When most people think about braising, they think about meat. Tender, falling off the bone meat, like short ribs braised in a deep, dark porter or a leg of lamb braised in apricot brandy with cardamom and ginger. It's true, there are many delicious braised meat dinners, and you will find them all in All About Braising: The Art of Uncomplicated Cooking. What is surprising about All About Braising, is how many intriguing vegetable dishes the James Beard winning cookbook includes. Flipping through the pages I marked several I would like to try, including escarole braised with cannellini beans, potato and leek braise, braised endive with fried eggs, or creamy braised brussels sprouts. I decided to start with something simple: The World's Best Braised Green Cabbage.
Braising is uncomplicated cooking at its best: Put ingredients in a dutch oven (or similar pan), cover, and place in oven for a really, really long time. I was happy with how this dish turned out and recommend All About Braising based on the success of this dish and Molly's writing style; it has personality, something you don't always find in a cookbook.
Braising the cabbage transformed it from tough to tender and sweet; it would make a hearty side dish or a filling meatless meal, and it tasted even better the next day for lunch.
World's Best Braised Green Cabbage
Adapted from All About Braising by Molly Stevens
1 medium green cabbage (about 2 pounds)
1 large yellow onion
1 large carrot
1/4 cup chicken stock
1/4 cup extra virgin olive oil
Coarse salt and freshly ground pepper
1/2 teaspoon crushed red pepper flakes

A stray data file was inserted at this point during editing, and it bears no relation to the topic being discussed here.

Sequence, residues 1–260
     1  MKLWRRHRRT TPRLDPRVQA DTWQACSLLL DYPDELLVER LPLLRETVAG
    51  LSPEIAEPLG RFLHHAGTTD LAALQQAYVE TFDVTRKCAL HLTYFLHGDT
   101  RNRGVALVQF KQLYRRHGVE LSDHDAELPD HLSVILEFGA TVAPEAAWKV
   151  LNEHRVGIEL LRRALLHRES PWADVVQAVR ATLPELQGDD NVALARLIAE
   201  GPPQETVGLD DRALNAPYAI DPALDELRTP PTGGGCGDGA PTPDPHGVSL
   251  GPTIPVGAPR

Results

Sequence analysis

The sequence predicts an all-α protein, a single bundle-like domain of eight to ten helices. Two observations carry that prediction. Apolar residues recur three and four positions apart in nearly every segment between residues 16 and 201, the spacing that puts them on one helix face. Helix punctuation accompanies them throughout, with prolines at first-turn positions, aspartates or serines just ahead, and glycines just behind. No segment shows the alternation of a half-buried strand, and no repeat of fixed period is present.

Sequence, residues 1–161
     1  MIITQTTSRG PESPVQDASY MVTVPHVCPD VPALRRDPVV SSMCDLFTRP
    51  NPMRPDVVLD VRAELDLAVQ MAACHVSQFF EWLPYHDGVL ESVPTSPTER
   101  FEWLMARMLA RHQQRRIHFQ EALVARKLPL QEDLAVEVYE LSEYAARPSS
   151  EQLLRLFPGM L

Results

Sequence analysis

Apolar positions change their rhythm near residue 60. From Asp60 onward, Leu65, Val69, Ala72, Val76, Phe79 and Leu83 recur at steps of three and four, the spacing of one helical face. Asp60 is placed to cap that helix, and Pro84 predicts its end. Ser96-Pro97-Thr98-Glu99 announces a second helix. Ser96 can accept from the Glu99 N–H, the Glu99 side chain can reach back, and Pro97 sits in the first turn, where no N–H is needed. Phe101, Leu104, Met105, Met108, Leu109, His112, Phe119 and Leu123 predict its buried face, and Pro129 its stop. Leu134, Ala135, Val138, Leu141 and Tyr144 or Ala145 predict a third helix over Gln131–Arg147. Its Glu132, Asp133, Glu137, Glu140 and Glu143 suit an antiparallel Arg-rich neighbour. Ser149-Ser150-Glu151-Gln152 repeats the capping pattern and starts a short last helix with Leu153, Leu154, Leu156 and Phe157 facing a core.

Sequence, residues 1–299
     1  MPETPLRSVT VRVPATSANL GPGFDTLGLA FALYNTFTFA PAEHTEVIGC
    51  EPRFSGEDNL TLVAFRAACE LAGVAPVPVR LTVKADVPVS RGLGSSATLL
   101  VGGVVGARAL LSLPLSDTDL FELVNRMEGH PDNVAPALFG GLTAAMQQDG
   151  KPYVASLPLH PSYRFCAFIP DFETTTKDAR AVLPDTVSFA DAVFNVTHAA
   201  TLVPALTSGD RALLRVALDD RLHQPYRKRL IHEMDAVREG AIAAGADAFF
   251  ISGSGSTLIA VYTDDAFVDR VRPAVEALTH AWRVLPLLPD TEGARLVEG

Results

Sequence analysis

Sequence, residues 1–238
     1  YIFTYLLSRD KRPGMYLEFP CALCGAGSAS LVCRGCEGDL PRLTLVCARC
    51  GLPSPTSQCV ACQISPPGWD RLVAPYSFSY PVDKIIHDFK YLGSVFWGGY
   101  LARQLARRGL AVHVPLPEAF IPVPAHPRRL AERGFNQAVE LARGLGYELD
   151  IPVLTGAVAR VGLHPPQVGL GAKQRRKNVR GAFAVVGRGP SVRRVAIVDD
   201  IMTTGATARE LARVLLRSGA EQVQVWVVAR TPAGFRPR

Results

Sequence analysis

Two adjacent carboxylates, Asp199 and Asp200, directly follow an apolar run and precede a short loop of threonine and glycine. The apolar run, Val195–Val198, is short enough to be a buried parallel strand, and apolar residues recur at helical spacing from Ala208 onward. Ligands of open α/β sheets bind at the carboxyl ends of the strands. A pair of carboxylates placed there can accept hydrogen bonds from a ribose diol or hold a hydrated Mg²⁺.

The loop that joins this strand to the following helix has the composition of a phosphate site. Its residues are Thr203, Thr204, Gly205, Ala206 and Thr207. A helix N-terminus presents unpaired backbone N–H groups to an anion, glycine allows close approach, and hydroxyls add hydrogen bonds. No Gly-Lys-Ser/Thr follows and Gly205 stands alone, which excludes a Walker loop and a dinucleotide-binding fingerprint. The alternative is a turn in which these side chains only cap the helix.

1. Heat oven to 325 degrees. Lightly oil a large gratin dish or 9-inch baking dish. (I used my Dutch Oven).
2. Trimming the cabbage: Peel off and discard any bruised or ragged outer leaves from the cabbage. The cabbage should weigh close to 2 pounds (if you don't have a kitchen scale, consult the grocery store receipt). If the cabbage weighs more than 2 pounds, it won't fit in the baking dish and won't braise as beautifully. To remedy this, cut away a wedge of the cabbage to trim it down to size. Save the leftover wedge for salad or coleslaw. Then cut the cabbage into 8 wedges. Arrange the wedges in the baking dish; they may overlap some, but do your best to create a single layer.
3. The braise: Scatter in the onion and carrot. Drizzle the oil and stock over the vegetables. Season with salt, pepper, and pepper flakes. Cover tightly with foil, and slide into the middle of the oven to braise until the vegetables are completely tender, about 2 hours. Turn the cabbage wedges with tongs after an hour. Don't worry if the wedges want to fall apart as you turn them; just do your best to keep them intact. If the dish is drying out at all, add a few tablespoons of water.
4. The finish: Once the cabbage is completely tender, remove the foil, increase the oven heat to 400, and roast until the vegetables begin to brown, another 15 minutes or so. Serve warm or at room temperature, sprinkled with fleur de sel or other coarse salt (I used kosher).